Reflection About Bilingualism

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With more than half of the world being bilingual nowadays, from which around 50 million are only in the United States, bilingualism is not at all as rare as one may think upon first hearing the word. One of the many interesting things about this phenomenon, about which bilingual people can provide a new and different perspective, is the crucial effect it can have on the way we express ourselves and our emotions. As the author of the article puts it, it can shape the way we communicate and convey our feelings. First of all, corresponding to the vision the paper provides, a person’s first acquired language often has a greater emotional strength than any of the others they may learn later in life. It is the language that they have heard in…show more content…
It also has an impact on the way people generally act or the behavior that they display in certain situations. One reason why this happens is that, when it comes to our emotions and the way we express them, there are distinctions between our mother tongue and the other languages. Hence, these are linked with different cultural models and emotional scripts. The experience of the author is edifying regarding this matter – she cannot find suitable words in English to describe her baby granddaughter simply because she feels that this register does not adjust to the emotional world to which the baby belongs to her. Therefore, there are also ways of behaving that bilingual people do not embrace when they find themselves in a context which is not tied to their native cultural…show more content…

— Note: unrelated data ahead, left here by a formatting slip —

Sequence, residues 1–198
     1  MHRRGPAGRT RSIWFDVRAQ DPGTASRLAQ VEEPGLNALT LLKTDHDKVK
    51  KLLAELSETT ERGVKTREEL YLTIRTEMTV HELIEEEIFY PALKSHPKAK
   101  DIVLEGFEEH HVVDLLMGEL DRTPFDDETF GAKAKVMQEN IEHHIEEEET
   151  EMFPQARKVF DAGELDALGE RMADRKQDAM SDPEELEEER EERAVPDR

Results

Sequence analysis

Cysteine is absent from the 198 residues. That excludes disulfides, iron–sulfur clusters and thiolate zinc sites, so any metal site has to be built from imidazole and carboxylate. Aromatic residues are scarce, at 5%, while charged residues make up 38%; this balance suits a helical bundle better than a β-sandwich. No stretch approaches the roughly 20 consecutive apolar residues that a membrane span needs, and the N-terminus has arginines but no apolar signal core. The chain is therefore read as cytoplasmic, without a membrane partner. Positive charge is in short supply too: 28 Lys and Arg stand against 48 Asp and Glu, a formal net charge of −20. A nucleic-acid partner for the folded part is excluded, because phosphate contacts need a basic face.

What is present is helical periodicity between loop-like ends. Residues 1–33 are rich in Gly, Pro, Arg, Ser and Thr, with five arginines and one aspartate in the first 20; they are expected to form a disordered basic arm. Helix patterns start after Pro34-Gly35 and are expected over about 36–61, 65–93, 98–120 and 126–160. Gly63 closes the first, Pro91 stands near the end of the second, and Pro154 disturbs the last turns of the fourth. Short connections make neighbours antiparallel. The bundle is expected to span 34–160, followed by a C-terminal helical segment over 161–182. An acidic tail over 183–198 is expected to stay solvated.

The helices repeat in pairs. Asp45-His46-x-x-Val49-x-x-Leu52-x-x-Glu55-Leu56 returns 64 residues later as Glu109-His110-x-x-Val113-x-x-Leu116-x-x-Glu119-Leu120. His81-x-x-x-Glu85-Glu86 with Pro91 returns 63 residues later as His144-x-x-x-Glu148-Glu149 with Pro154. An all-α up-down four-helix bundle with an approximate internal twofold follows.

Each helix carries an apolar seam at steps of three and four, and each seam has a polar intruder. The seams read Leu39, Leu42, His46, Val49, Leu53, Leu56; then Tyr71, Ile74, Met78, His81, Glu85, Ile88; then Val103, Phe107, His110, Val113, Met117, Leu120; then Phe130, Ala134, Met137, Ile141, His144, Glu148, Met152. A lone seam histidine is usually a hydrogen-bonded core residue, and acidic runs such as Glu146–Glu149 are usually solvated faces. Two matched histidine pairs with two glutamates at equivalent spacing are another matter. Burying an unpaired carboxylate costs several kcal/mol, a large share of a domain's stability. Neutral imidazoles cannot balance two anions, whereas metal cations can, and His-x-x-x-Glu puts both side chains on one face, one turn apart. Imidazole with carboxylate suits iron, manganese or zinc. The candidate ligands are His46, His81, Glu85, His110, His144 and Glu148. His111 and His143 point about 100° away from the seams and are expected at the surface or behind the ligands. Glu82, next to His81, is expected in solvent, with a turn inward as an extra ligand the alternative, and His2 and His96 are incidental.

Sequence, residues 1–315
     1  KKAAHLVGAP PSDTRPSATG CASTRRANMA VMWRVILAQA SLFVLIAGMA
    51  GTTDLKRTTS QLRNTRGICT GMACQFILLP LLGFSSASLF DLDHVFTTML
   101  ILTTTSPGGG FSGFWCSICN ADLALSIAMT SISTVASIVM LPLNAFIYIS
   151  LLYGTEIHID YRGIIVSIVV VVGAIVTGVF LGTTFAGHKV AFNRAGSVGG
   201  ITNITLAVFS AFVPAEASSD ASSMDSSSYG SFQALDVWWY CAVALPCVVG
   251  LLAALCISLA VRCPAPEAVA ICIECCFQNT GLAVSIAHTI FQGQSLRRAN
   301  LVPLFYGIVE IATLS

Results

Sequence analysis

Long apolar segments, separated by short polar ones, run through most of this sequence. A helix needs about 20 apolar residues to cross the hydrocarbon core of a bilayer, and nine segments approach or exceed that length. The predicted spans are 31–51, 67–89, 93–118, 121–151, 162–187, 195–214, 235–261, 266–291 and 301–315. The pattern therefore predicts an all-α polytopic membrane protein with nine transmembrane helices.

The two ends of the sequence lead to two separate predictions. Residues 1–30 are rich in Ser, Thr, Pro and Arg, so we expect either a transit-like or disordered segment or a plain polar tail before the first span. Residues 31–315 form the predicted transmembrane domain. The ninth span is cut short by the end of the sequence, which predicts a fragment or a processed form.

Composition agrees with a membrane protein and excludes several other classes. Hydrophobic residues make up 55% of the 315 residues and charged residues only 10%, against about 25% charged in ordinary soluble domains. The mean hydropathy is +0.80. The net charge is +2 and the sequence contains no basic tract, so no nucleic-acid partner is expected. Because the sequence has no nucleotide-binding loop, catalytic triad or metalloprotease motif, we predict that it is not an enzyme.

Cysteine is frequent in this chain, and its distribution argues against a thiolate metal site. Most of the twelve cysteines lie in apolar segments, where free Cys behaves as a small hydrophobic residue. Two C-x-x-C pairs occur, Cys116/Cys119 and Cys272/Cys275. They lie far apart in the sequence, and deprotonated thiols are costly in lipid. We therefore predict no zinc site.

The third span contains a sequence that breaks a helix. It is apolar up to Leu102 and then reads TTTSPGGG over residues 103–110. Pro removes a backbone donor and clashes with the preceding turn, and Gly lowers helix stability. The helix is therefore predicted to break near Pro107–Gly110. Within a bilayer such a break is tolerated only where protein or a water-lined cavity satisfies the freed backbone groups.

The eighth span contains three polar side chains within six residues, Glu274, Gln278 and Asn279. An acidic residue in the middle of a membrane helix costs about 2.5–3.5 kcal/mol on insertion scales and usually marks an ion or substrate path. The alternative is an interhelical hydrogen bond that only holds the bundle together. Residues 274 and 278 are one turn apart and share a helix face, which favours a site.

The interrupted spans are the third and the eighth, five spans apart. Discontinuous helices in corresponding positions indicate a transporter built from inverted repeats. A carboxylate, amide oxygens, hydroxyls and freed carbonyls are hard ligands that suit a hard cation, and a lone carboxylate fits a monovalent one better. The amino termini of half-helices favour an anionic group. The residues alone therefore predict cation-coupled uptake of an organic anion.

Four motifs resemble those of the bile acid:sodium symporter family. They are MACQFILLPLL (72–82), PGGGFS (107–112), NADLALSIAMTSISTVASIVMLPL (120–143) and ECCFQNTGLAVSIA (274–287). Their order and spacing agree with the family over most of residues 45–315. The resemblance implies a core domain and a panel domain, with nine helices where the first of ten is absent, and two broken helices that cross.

”Sometimes switching is a break into the dominant language in a moment of emotion. A teacher or a mother may switch language to be emphatic, to show the same message in a more emphasized way.” This instance shows, in particular, that children are more receptive when they are spoken to in their mother tongue because of the emotional value that it holds for them. This shift can also happen in order to avoid the aforementioned sense of falsehood and even betrayal that they are faced with so often. Finally, the article definitely clarifies the dilemmas that one might have about bilingual people and their lives. The questions that some may ask themselves can be “What does being bilingual really mean?” or “What is the effect that this way of living has upon someone?”. The texts clearly sorts out these matters with powerful arguments from the author’s very own life experience. It proves that being bilingual very often means belonging to two completely different worlds. Hence, this discrepancy has a major effect on our words, actions, and the nature of our demeanor, on the
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